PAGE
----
Extremely unlikely < 5% probability

Exceptionally unlikely < 1% probability

*The ‘extremely likely,’ ‘more likely than not,’ and ‘extremely unlikely’ categories are

not included in the IPCC guidance (Appendix D).

Each Working Group in the fourth assessment used the level-of-understanding,

confidence, and likelihood scales in a different way. Working

Group I relied primarily on the likelihood scale, but supplemented it with

quantitative descriptions of uncertainty about outcomes—usually the

endpoints of a 90 percent confidence interval or a probability distribution.

Occasionally the confidence scale was used in lieu of the likelihood scale.

Working Group II relied primarily on the confidence scale to indicate

subjective confidence in qualitative results, and occasionally on the likelihood

scale (e.g., when results were quoted from Working Group I).

Working Group III relied exclusively on the level-of-understanding scale.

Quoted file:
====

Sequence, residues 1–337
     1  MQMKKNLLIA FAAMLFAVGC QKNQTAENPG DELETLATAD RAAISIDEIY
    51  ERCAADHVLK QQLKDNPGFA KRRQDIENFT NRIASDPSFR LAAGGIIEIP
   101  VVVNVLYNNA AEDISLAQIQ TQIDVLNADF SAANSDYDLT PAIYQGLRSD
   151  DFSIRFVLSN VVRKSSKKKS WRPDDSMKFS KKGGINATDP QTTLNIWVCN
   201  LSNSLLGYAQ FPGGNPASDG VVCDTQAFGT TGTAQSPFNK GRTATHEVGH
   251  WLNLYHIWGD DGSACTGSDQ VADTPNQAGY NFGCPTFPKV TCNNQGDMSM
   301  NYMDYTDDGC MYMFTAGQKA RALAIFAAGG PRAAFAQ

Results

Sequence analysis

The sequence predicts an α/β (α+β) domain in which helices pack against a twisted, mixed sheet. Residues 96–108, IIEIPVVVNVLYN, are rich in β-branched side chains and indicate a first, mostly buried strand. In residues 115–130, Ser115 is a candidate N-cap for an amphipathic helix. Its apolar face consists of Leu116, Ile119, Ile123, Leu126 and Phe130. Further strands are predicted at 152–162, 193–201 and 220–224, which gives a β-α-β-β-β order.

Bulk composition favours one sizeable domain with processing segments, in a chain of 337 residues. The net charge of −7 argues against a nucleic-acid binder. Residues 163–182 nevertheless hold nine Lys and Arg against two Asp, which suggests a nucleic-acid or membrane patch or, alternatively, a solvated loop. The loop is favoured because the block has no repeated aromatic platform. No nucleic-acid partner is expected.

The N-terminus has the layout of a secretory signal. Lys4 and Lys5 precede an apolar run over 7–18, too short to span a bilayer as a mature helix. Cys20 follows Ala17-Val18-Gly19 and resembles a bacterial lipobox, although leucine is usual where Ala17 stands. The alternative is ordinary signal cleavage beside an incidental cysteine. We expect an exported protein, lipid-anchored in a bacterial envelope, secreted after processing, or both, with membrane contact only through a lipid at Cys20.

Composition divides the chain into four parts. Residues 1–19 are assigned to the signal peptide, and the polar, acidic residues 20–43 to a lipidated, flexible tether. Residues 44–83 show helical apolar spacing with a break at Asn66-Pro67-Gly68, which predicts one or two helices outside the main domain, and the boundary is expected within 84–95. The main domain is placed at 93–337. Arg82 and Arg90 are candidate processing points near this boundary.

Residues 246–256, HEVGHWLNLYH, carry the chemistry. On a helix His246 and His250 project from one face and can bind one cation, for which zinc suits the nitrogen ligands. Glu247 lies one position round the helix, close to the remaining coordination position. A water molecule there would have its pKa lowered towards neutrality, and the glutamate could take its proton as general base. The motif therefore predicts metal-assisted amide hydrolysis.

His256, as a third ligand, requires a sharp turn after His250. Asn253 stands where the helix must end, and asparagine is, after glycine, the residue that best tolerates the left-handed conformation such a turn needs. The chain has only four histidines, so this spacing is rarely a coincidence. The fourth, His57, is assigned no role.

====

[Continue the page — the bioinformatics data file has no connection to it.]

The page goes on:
Nature of evidence and treatment of uncertainty by each

Working Group

The nature of the evidence presented, the extent to which the analysis is

future-oriented, and the characterization of uncertainty varies greatly

across Working Groups. For example, much of the analysis presented by

Working Group I pertains to the measurement of observable quantities,

such as atmospheric carbon dioxide (CO 2

) concentrations. In principle, it

is possible to characterize the measurement and/or sampling error associated

with these measurements using classical methods. A much smaller

fraction of the literature assessed in the Working Group II and III reports

pertains to measurement.

Models are used by all three Working Groups. Working Group I uses

atmospheric and ocean general circulation models to model temperature

in the recent past, with and without anthropogenic forcing, and to project

future temperature, conditional on inputs from the Special Report on

Climate change assessments | Review of the processes and procedures of the IPCC 29


Emissions Scenarios (SRES) scenarios (IPCC, 2000). General equilibrium

models of the world economy are used extensively by Working Group III to

project future greenhouse gas emissions, the response of emissions to

policies (e.g., a carbon tax), and the costs of reducing emissions.

Uncertainty in the model parameters can be represented using sensitivity

analysis or Monte Carlo analysis. If a probability distribution can be

constructed over key parameters (based on data or on expert elicitation),